For any newly-diagnosed autistic person, the silver lining is in your hands. Accentuating the positive aspects of the traits experienced by various individuals, Autism All-Stars emerges as one of few books for readers of all ages to examine the benefits of being neurologically “atypical.” Editor Josie Santomauro created the book she sought years ago when her son, Damian, was diagnosed—and in Damian’s own contribution, he describes the way that his childhood fascination with the behavior of others (a coping mechanism for his sense of being “abnormal”) developed into a career in psychology. In a straightforward and uncensored way, the contributors relate deeply personal experiences in detail, inviting readers to see parts of themselves in the story.
Hailing predominantly from the UK and Australia, the writers vary greatly: some were diagnosed with autism or Asperger’s syndrome early in life, while others reached retirement only to discover that this label might fit; some, like well-known author Temple Grandin, offer direct advice about workplace etiquette (“I had to learn diplomacy”); other individuals write about putting traits to work in useful, satisfying pursuits. Central to the book is the assertion that being true to oneself, by self-investigation and self-evaluation, is the key to success. “Now, if only we could persuade the rest of the world … to engage in some self-understanding,” writes music composer Dr. Colin Webber, “we just might get somewhere!”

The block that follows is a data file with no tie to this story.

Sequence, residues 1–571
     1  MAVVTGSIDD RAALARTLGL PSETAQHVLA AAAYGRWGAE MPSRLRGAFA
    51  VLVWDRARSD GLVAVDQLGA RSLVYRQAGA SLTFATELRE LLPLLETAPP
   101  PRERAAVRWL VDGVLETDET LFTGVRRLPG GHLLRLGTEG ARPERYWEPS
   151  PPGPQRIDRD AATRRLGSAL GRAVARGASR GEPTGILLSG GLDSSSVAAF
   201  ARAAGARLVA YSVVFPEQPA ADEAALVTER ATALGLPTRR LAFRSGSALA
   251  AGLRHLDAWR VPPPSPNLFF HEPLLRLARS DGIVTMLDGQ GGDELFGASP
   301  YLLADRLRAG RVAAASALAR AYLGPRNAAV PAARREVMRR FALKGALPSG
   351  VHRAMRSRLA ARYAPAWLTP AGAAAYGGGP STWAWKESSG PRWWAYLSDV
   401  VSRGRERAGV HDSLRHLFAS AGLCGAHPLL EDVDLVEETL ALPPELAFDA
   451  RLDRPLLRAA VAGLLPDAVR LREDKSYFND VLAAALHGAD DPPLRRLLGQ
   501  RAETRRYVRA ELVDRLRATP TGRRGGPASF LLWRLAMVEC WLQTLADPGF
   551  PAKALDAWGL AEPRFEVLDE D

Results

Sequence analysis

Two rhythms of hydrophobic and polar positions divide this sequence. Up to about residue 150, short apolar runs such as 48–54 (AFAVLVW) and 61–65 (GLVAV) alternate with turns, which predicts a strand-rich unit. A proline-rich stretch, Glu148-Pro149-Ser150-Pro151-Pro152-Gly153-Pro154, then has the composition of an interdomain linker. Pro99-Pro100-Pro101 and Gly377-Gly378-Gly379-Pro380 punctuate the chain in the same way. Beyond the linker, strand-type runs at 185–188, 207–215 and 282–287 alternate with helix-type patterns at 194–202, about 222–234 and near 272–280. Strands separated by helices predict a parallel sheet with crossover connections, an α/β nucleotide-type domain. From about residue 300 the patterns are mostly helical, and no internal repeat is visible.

Chapters with themes such as education, careers, relationships, creativity, and special interests allow the reader to enter the text at will, either to find evidence of successes or guidance to make the most of one’s strengths. It’s helpful to have contrasting voices within each section, as attitudes toward social expectations or the opinions of others vary widely. Some writers explain their talents as coping-mechanisms-gone-professional (and “of course, if you are a musician … people “allow” you to be a bit different and eccentric”), while others simply point out how emphasizing individual skills has helped them to carve out an enjoyable life.
The book is an excellent resource for parents, librarians, teachers, guidance counselors, and anyone else who would like to hear more from real people who have lived under the autism umbrella. Santomauro’s chapter introductions might have benefited from a co-author, as the intercutting of a non-Aspie voice with the others has a slight distancing effect. Overall, Autism All-Stars is an accessible, encouraging, and well-rounded book.
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